25 years of Visual Basic 6

Visual Basic 6.0 was the last version of Visual Basic “classic” (before VB.NET). It was by far the most popular version for 32-bit Windows 95/NT and later. It was extremely popular, and is still used in many companies. It was released in mid 1998 and improved in a number of areas over version 5.0, for example:

  • Faster compiler
  • New ActiveX data control object
  • New data report designer
  • New Package & Deployment Wizard
  • Additional internet capabilities

Let us remember how Visual Basic became such as great development environment.

Brief history

Alan Cooper is widely recognized as the “Father of Visual Basic”. He and his company (called Tripod) was contracted by Microsoft to develop a programmable form system for Windows 3.0, under the code name Ruby (no relation to the later Ruby programming language).  It did not include a programming language at all. Microsoft decided to combine Ruby with the Basic language to create Visual Basic. Ruby also provided the ability to load dynamic link libraries containing additional controls (then called “gizmos”), which later became the VBX interface (predates ActiveX). The invention of the “VBX” interface created an entire new marketplace for vendors of these “dynamically installable controls” (hello OCX!).

First version

The project ‘basic Thunder’ was launched in 1990: a combination of Ruby form system and embedding the language BASIC. Thunder remained in the name of the primary internal function, ThunderRTMain, until the last version of the build. Visual Basic 1.0 was released for Windows 3.x (16-bit) in May 1991 at the Comdex/Windows World trade show in Atlanta, Georgia.

Visual Basic 1.0


Microsoft released Visual Basic 1.0 for MS-DOS in 1992, at a time when many users and companies were still using DOS. It is the successor to QuickBASIC and BASIC Professional Development System. It was the only version of VB for DOS, as Microsoft focused on Windows development.

Visual Basic 1.0 for MS-DOS

Visual Basic 2.0 and 3.0

Visual Basic 2.0 was released in November 1992. The programming environment was easier to use, and its speed was improved. However, the most noticeable version was Visual Basic 3.0 which was released in the summer of 1993 and was available in Standard and Professional versions. VB3 included version 1.1 of the Jet Database Engine, which could read and write Jet (or Access) 1.x databases. So, it became popular for developing applications with database access under Windows 3.x.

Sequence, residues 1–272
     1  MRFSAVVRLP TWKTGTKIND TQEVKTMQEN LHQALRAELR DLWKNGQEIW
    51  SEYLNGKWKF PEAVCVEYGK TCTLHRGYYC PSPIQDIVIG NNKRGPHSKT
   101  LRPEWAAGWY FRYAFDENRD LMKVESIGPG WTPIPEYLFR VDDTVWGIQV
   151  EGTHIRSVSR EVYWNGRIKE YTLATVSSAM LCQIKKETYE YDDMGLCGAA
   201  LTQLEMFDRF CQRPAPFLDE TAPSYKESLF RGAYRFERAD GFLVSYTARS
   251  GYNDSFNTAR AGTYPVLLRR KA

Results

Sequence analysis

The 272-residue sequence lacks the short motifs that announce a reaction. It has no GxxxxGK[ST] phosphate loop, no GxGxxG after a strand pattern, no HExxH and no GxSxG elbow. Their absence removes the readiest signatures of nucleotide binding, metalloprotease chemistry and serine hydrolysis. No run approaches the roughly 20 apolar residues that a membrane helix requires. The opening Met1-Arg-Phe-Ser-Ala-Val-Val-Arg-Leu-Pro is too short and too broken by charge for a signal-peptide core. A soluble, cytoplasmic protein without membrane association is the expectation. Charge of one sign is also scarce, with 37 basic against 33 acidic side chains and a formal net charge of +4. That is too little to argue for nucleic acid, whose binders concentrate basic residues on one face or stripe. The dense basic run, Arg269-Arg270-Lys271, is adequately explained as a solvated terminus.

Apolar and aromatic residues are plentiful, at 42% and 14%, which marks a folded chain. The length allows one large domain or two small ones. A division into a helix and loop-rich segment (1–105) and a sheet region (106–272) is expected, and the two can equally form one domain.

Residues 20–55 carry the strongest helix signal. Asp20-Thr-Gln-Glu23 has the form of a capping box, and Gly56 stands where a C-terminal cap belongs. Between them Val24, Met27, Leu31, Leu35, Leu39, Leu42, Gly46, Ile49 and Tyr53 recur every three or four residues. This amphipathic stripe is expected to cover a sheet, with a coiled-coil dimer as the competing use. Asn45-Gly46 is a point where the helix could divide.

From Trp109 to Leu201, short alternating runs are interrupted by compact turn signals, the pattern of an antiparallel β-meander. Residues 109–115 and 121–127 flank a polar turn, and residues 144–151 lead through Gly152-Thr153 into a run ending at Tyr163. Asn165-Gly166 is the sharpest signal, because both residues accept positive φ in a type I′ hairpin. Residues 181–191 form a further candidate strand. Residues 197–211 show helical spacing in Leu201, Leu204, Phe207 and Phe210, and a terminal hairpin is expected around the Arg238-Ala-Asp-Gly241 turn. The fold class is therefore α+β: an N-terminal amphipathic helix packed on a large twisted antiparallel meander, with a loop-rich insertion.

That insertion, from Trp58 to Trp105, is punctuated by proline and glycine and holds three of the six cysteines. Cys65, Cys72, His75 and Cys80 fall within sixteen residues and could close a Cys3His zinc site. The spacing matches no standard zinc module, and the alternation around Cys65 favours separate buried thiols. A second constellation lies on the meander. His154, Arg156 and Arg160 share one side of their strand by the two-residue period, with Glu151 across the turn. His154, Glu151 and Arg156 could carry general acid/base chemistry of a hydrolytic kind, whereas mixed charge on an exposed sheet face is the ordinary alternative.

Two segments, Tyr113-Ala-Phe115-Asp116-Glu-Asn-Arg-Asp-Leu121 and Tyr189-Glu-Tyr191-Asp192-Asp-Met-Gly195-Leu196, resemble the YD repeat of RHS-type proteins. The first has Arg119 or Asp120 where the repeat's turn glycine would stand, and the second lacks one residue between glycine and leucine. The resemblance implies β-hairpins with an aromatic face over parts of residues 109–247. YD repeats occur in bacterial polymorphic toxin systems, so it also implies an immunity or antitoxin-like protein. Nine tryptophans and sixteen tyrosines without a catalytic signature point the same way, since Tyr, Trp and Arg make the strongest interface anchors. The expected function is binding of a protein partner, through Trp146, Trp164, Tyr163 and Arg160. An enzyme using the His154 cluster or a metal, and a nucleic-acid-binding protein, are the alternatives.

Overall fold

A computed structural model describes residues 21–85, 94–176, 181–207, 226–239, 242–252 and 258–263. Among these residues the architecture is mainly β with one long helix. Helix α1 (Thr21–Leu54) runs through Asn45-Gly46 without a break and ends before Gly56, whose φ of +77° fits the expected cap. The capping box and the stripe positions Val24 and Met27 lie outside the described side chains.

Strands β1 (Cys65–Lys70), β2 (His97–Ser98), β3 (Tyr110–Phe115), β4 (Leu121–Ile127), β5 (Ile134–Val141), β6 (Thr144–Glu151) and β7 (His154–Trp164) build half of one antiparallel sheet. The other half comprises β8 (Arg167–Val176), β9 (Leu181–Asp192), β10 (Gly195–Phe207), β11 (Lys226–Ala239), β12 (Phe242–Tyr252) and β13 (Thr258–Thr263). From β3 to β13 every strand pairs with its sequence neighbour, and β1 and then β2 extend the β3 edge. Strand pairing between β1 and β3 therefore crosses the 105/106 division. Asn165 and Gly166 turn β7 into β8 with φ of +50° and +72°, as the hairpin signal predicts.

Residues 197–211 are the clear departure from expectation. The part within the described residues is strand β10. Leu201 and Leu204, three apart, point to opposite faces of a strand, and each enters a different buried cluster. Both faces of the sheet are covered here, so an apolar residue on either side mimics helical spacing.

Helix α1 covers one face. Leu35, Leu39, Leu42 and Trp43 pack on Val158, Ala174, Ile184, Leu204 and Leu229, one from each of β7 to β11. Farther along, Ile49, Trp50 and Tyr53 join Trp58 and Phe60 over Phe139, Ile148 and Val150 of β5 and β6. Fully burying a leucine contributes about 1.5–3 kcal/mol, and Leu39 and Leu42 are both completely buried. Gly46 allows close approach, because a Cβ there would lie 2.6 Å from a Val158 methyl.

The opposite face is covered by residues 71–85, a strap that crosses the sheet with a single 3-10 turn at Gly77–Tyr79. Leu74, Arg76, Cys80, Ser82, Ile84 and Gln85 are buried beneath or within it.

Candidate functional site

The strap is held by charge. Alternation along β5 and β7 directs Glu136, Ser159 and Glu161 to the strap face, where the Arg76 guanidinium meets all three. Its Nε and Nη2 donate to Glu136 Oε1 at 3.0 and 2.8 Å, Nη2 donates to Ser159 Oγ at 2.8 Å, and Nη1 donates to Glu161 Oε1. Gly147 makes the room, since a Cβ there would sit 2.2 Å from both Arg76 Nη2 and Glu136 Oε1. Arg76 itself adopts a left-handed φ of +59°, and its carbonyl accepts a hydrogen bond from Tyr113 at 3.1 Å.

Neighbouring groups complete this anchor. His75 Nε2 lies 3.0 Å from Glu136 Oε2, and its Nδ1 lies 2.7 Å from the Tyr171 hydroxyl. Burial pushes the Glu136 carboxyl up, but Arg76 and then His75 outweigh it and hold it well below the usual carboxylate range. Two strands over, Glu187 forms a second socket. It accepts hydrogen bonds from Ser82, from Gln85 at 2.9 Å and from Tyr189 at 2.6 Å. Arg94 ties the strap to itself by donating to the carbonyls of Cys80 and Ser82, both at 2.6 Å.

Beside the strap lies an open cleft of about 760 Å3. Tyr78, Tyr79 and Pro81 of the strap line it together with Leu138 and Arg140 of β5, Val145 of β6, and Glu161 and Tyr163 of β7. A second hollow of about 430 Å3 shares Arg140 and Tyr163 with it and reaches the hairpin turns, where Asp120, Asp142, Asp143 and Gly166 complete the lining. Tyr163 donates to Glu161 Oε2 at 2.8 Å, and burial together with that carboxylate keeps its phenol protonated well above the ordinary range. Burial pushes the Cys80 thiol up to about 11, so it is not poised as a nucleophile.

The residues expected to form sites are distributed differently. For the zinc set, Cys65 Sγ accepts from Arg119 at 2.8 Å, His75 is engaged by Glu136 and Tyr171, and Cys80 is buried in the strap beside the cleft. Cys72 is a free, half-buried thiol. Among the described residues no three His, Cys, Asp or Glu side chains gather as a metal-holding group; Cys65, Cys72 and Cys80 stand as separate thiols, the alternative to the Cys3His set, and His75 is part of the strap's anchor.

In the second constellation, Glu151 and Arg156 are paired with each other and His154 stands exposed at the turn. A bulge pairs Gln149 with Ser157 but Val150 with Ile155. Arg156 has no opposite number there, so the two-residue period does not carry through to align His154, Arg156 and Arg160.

Visual Basic 3.0

Visual Basic 4.0

Visual Basic 4.0 was released in August 1995 and was the first version that could create both 32-bit and 16-bit Windows programs. While earlier versions of Visual Basic had used VBX controls, Visual Basic now used OLE controls (with filenames ending in .OCX) instead. These would later to be called ActiveX controls. It was the last version that supported 16-bit programs.

Visual Basic 4.0

Visual Basic 5.0

Visual Basic 5.0 (February 1997) was exclusively for 32-bit versions of Windows. It introduced the ability to create custom user controls and the ability to compile to native Windows executable code which accelerated the execution of computationally intensive code.

Visual Basic 5

Visual Basic 6

Visual Basic 6.0 (mid 1998) improved features introduced in previous version and added new features such as: ADO (new OLEDB-aware data source), IIS applications, DHTML applications, Data Reports, … It was by far the most popular version. The Visual Basic 6 Core runtime environment is officially supported by Microsoft for the lifetime of Windows 10 and Windows 11. However, the Visual Basic development environment (IDE) is no longer supported. Today, there are many applications build with VB6 that are used by many users.


Visual Basic .NET is Microsoft’s designated successor to Visual Basic 6.0. It is part of the .NET platform and abandons the native executables introduced in the 5.0/6.0 era. The main problem is that is not backward compatible with Visual Basic 6.0. So, you have to learn a new language/framework and rewrite your VB6 code to VB.NET.

RAD Basic: Visual Basic classic new beginning

Since the costs of rewritting entire software applications build with VB6 is prohibited, RAD Basic presents a solution that is 100% compatible with VB6. It works natively with VB6 file formats and follows the VB6 language definition. The main goal is compatibility and faciliting the adoption path of this new and real replacement.

RAD Basic with a form containing some controls

Visual Basic 6 (AKA Visual Basic Classic) is on TOP-20 of the TIOBE index, the applications created with it are used by many people and many developers are coding actively with it. And RAD Basic will extend and support this great development environment.

Happy VB6 25th birthday!

See also